Monday, July 1, 2013

Set in the Spanish city of Seville, the new series Falcón features Marton Csokas as Inspector Jefe Javier Falcón.  The two full-length mysteries featured on this DVD are as much about the complicated personal life of Falcón as they are about the crimes he solves. 

The first mystery, "The Blind Man of Seville" begins on a gruesome note.  A man has been found dead in his house, bound to a chair and murdered.  The gruesome part is that he was obviously forced to watch a film before he died, and he was unable to look away because his eyelids had been removed.  Javier Falcón is put in charge of finding out what happened, but before he's able to solve the crime, more bodies will turn up.  Additionally, he will find out some unpleasant truths about his own family.  His father, the famed artist Francisco Falcón, is a world-renowned painter whose work is much sought after and the subject of a huge exhibition.  He recently passed away, and has left instructions that Javier destroy all the work remaining in his studio at the time of his death.  Javier has benefited from his father's celebrity by living in the family home, a large and beautiful house in a fashionable section of Seville.  Javier keeps having flashbacks to some hazy but unpleasant memories surrounding the death of his mother, which occurred when he was a young child.  After he discovers the truth about his family and the connection to the first dead body, nothing will ever be the same for him.

"The Silent and the Damned" is the title of the second mystery.  In this one, a wealthy construction magnate, Rafael Baena, has been found dead in his home.  Although the death could conceivably be a suicide, Falcón has his suspicions that the death might actually be murder.  This case, which happens three months after the events of the first story, is the first one Falcón is assigned to after returning to the police force after taking some time off.   Unfortunately, after solving the previous case, the press is more than interested in him, and so any attempts he makes to investigate the crime result in the media descending on him.  His boss decides that Falcón is too much of a distraction for such an important case, and so Falcón is given a seemingly less high-profile case to investigate:  the discovery of an unidentified body (thought to be a homeless person) in a field.  Falcón's co-worker, Jose Luis Ramirez, is only too eager to take over the investigation of the first case and make a name for himself away from the shadow of his more famous and flamboyant colleague.  The case will have far-reaching implications, however, as an American financial advisor, played by Rosie Perez, inserts herself into the investigation and proves to be more involved than she initially indicates.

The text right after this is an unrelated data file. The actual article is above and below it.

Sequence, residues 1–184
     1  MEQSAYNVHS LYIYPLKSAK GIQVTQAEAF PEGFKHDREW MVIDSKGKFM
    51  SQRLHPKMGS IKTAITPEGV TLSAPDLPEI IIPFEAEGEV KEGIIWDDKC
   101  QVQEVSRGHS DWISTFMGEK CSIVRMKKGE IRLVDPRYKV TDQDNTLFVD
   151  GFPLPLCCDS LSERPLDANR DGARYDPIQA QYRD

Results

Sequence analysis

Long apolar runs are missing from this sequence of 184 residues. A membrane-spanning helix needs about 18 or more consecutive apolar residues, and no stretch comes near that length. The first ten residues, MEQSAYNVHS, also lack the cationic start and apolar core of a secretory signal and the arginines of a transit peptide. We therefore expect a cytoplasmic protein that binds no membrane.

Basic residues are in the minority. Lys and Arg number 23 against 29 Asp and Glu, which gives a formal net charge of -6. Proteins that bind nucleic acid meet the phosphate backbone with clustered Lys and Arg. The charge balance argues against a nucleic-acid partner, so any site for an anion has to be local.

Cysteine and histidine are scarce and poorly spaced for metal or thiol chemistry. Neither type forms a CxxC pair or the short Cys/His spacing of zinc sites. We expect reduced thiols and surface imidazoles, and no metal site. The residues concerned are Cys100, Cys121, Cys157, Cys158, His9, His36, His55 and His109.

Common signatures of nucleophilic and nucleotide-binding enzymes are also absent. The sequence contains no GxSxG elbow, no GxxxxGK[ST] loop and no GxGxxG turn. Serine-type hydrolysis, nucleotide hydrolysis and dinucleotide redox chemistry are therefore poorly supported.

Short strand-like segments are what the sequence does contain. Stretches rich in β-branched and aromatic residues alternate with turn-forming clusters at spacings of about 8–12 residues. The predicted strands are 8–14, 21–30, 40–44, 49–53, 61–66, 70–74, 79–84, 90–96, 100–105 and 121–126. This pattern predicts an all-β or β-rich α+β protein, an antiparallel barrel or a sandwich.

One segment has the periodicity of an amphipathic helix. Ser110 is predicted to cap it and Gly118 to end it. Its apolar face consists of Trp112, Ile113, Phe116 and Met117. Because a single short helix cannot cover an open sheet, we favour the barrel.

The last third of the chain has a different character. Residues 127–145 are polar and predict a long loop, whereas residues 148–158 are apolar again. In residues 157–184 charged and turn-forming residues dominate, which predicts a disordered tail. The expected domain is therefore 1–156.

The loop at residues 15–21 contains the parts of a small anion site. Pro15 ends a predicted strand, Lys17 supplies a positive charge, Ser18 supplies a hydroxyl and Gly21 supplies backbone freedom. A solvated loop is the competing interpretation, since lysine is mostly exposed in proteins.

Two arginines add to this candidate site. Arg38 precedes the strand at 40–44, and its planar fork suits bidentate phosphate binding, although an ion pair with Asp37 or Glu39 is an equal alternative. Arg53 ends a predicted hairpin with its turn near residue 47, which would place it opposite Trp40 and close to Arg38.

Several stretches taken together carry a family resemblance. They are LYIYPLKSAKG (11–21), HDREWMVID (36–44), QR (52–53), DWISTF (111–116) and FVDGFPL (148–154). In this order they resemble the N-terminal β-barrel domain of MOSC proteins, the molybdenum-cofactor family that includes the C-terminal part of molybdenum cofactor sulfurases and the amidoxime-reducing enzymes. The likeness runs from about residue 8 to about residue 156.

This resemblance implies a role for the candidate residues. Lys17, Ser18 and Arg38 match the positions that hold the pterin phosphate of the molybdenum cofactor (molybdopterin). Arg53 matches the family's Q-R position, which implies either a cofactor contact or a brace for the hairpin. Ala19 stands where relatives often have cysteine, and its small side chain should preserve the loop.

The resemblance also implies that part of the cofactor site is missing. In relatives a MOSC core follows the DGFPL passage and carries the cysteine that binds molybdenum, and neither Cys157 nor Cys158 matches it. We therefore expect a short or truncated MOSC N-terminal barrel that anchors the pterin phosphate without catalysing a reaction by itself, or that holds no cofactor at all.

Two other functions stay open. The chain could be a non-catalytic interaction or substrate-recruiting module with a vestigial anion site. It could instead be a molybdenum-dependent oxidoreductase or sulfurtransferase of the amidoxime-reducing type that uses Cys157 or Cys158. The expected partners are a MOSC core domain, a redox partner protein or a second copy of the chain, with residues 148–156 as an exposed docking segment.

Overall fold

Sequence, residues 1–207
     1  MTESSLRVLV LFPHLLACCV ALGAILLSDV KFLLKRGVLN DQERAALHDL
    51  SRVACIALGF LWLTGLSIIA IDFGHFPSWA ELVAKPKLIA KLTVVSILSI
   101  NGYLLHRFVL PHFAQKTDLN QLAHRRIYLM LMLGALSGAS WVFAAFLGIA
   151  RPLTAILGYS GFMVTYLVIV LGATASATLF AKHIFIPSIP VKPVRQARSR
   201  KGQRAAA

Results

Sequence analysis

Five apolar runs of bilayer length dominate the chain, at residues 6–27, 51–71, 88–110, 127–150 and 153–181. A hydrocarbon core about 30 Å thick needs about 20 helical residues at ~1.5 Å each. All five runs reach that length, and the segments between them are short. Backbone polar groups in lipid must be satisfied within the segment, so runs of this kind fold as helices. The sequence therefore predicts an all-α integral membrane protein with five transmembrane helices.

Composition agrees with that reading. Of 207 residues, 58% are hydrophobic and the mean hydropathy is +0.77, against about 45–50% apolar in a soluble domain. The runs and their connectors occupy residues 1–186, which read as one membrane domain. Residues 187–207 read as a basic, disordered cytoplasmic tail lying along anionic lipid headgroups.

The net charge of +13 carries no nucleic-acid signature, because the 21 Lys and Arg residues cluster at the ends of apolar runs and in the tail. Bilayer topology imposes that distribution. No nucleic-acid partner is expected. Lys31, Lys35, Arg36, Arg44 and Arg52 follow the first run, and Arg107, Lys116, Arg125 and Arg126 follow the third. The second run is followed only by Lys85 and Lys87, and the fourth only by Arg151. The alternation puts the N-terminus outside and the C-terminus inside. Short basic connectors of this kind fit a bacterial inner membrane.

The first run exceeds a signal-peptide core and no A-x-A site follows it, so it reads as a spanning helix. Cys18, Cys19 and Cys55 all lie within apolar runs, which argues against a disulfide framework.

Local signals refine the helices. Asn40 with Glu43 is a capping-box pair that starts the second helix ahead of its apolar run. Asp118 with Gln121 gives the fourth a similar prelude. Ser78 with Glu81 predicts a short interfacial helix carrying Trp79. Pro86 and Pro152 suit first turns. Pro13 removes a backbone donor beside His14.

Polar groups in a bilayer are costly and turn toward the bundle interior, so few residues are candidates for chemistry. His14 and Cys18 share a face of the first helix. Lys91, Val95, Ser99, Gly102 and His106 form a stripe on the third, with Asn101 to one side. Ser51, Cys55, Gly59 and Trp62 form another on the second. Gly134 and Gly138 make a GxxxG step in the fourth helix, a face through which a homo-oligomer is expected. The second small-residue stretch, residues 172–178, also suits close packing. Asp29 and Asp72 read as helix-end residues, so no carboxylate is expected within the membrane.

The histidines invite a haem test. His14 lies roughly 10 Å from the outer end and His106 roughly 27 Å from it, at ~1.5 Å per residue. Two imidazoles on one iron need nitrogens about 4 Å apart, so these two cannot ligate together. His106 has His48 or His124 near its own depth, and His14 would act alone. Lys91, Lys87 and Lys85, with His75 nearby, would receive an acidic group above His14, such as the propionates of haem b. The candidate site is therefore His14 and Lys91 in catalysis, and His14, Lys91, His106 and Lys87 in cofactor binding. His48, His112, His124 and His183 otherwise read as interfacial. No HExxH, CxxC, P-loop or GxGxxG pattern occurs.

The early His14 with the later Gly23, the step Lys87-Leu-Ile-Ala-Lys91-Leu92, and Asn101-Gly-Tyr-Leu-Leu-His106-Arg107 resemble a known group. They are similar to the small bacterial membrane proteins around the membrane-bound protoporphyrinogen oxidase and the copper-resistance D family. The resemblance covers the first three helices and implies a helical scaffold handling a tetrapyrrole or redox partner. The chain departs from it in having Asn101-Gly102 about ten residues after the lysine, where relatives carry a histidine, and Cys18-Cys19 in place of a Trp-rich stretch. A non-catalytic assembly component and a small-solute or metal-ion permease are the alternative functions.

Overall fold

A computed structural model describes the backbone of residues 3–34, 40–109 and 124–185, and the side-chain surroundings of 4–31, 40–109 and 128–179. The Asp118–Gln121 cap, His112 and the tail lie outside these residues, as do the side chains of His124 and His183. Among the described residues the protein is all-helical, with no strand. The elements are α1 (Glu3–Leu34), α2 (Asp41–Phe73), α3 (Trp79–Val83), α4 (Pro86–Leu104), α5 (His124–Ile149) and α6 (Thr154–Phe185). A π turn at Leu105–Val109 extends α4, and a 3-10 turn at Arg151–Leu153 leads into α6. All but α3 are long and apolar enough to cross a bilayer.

Falcón himself is a conflicted character, even before he discovers the truth about his family history.  He is separated from his wife, although they are still in contact with each other.  She comments to him that he "has no heart" and asks if he "still walks the streets at night."  We do see him wandering the streets, and he is continually buying and using some sort of powdered drug, although this doesn't seem to affect his personality or abilities at all.  He seems to be the same person both before and after taking the drug, and in some instances even contemplates taking the drug before putting it away unused and continuing with his day.  He begins a new relationship with the lovely widow from the first case, Consuelo, but always keeps her at a distance.

The city of Seville is also an important character in this series.  In the first film, we only see beautiful and vibrant parts of the city. In the second film, after Falcón's perceptions of his own life are altered, we visit many more gritty and dangerous parts of town.  It still looks like a beautiful city!  There are some interesting extras, including some interviews with the author of the books that this series is based on, Robert Wilson.  He gives some insight into why he chose Seville as the setting for his books, and describes his shock at finally getting a glimpse inside the house he used as the Falcón family home -- it was nothing like he had imagined, but I'm sure the mental picture he painted was an improvement on reality!

I really enjoyed seeing the conflicted character of Falcón, even if the flashback sequences were a bit confusing (to me, anyway) at times.  The city of Seville is also gorgeous and seems to have no end to beautiful settings to choose from!  I hope to get to see more mysteries featuring Inspector Jefe Javier Falcón, and to find out if he and Consuelo were able to have a relationship in the end, or if his demons were just too great to overcome.

Disclaimer:  I received a copy of Falcón from Acorn Media in exchange for this review

Final Verdict for Falcón: Four Gherkins, for being a look at what goes on behind the beautiful facade of Seville and how one man tries to get to the truth, no matter what it costs him


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I'm a librarian who is interested in all things British. I try to visit London as often as possible, and am always planning my next trip. I lived in Sweden for a few years with my Swedish husband, so the occasional Swedish reference may occur . . .

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5gherkinsb Brilliant!

4gherkinsb Good, innit?

3gherkinsb Fair to middlin'

2gherkinsb Has some good points

1gherkin Oi! Wot you playin' at?

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